Where’s the value?
Annual healthcare costs for a patient with controlled asthma are $2,101 less than a patient with uncontrolled asthma.
Shifting from the traditional fee-for-service model to a pay-per-outcome model aligns health plans with doctors’ goals of keeping patients healthy. Think about it: under the fee-for-service model, a patient with type 2 diabetes requires a lot more (billable) office visits than a patient whose doctor catches their prediabetes and helps them keep it from progressing further.
Innovative plans are creating financial incentives for doctors to practice preventive medicine. And preventive medicine, done right, has the convenient effect of lowering health plans’ long-term spending. So everybody wins.
What does it look like?
Intermountain Healthcare, is out to align the incentives of health plans, providers and patients. To that end, they’ve developed a model that incentivizes hospitals and physicians to provide “the right care, rather than than just providing more care,” and encourages patient-engagement in healthcare choices.
The model creates a new health plan product based on Shared Accountability principles. Think, Medicare Advantage plans and Accountable Care Organizations, where the plan makes an annual, up-front, lump-sum payment to a provider or provider group for an entire population of beneficiaries. If the provider (group) cares for the population for less than the predicted amount, while meeting quality measures, they and the plan share the savings.
The model also proposes paying providers based on measures that assess quality of care, patient satisfaction and total cost of care; and rewarding members who get more involved in their personal health decisions.
Where’s the value?
An estimated 40% of health plans’ adult members have prediabetes. For each one who follows their doctor’s orders to develop and maintain healthier habits that reduce their risk of type 2 diabetes, your plan can save $1,533(1).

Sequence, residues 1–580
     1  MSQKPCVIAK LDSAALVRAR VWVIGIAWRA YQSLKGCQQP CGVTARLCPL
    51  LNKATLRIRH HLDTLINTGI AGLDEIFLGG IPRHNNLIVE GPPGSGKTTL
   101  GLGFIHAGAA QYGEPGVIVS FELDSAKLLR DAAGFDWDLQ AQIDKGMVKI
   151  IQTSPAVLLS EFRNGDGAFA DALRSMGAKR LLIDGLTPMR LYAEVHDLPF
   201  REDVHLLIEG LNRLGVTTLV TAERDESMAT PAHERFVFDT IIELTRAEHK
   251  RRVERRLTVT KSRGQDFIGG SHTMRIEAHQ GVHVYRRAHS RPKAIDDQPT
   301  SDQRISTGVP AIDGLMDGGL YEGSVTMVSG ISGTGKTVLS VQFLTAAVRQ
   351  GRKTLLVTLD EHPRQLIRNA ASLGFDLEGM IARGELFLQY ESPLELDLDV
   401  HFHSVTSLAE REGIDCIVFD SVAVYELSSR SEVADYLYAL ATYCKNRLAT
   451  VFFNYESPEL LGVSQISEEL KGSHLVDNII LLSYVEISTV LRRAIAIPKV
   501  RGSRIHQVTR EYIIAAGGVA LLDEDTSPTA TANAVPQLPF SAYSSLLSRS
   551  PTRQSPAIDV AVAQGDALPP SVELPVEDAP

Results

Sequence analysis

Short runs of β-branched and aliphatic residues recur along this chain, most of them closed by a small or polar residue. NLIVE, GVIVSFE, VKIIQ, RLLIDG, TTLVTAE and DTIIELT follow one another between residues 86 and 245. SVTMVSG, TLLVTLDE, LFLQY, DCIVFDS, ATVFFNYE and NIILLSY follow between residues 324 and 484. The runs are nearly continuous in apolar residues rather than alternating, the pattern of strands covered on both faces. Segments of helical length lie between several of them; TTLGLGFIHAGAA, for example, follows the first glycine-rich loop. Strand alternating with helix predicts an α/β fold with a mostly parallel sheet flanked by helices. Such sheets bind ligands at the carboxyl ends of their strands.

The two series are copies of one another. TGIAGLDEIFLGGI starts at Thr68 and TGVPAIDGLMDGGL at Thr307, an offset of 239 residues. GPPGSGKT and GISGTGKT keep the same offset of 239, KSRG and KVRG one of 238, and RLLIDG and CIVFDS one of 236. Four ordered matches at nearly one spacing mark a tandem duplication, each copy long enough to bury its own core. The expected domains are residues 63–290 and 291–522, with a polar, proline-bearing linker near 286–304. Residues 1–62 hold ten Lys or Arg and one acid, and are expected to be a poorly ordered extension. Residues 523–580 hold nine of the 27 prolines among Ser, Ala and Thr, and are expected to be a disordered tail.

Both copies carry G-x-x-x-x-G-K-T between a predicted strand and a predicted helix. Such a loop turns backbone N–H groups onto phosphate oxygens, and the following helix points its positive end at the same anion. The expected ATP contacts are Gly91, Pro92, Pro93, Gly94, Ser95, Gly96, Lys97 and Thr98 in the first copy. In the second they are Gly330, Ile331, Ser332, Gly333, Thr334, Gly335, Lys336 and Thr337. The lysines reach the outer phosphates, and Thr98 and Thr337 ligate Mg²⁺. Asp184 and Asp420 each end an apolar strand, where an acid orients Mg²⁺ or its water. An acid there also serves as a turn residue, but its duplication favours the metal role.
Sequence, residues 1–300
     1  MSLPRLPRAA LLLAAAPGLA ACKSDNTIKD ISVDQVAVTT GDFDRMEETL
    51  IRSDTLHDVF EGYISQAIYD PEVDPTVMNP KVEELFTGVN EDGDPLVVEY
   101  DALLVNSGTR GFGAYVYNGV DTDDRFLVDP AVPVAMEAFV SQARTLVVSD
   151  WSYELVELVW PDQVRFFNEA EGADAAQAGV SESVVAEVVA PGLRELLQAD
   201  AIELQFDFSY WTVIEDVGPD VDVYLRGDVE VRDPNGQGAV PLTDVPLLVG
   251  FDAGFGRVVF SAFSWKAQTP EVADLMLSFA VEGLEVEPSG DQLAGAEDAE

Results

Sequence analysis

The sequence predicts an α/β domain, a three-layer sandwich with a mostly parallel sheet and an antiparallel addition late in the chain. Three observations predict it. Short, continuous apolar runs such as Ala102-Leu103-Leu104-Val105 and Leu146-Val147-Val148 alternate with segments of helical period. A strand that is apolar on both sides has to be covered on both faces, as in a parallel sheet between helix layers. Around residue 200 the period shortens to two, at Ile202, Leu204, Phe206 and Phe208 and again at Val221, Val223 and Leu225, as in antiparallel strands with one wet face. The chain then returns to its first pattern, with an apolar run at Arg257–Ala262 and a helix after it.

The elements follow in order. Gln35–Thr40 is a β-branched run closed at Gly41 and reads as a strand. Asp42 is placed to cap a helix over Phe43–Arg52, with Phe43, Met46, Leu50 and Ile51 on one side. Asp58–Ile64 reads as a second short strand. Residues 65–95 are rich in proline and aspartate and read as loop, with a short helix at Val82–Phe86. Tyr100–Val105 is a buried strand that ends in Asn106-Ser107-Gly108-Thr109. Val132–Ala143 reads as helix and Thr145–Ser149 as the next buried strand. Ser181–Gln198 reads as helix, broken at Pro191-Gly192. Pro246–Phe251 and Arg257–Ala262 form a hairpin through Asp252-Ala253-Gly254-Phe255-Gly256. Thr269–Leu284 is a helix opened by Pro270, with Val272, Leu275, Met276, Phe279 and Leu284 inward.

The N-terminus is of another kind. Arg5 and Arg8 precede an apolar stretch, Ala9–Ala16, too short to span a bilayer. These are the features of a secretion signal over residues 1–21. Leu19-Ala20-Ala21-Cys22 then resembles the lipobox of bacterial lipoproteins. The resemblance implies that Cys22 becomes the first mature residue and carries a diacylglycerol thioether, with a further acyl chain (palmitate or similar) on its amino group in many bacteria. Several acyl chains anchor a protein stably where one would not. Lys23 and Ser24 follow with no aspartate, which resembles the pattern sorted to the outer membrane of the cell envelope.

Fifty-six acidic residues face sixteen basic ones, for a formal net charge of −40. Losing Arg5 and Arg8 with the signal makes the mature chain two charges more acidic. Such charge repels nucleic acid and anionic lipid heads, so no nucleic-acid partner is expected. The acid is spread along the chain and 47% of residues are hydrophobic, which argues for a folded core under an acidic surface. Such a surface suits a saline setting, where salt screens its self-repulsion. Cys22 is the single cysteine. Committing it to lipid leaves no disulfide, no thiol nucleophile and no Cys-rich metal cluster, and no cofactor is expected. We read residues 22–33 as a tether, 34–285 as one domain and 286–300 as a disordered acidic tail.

Adopting these three habits doesn’t require a major corporate restructure. Sure, some plans are creating their own innovation centers, where dedicated teams develop and integrate new programs and technology to solve their plans’ most costly health challenges. But others are solving the same challenges by partnering wisely with innovative providers, like Propeller. And Omada.
Omada works with health plans across the country to help pinpoint which members are likely to develop type 2 diabetes or heart disease, and then pull those at risk back from the brink of chronic disease. Our digital behavior change program combines a CDC-approved DPP curriculum, wireless tracking, data-empowered health coaches, and peer support to help at-risk members create healthy habits that stick. Because our program is delivered digitally, plans can offer it to tens or hundreds of thousands of at-risk members, and know they’ll all be able to participate. All participants need is an internet connection. And our outcomes-based fees are in total alignment with health plans’ goals of providing better health at lower cost. Predictive analytics, scaleable technology, and outcomes-based pricing, all in one fell swoop.
Advances in medicine are making it possible for people to live longer lives, but often with more costly treatments and interventions. And the increase in chronic disease rates shows few signs of slowing. Health plans need to advance if they want to survive. If that’s not incentive enough, the ACA has effectively sweetened the pot.
The move toward Value Based Care in America is inevitable. And innovative plans are helping to define and shape the new model. By doing so, they are delivering better care for their members at a lower cost for all stakeholders. No carnival games required.
(1)Su W, Chen F, Dall TM, Iacobucci W, Perreault L. Return on Investment for Digital Behavioral Counseling in Patients With Prediabetes and Cardiovascular Disease. Prev Chronic Dis. 2016;13:E13.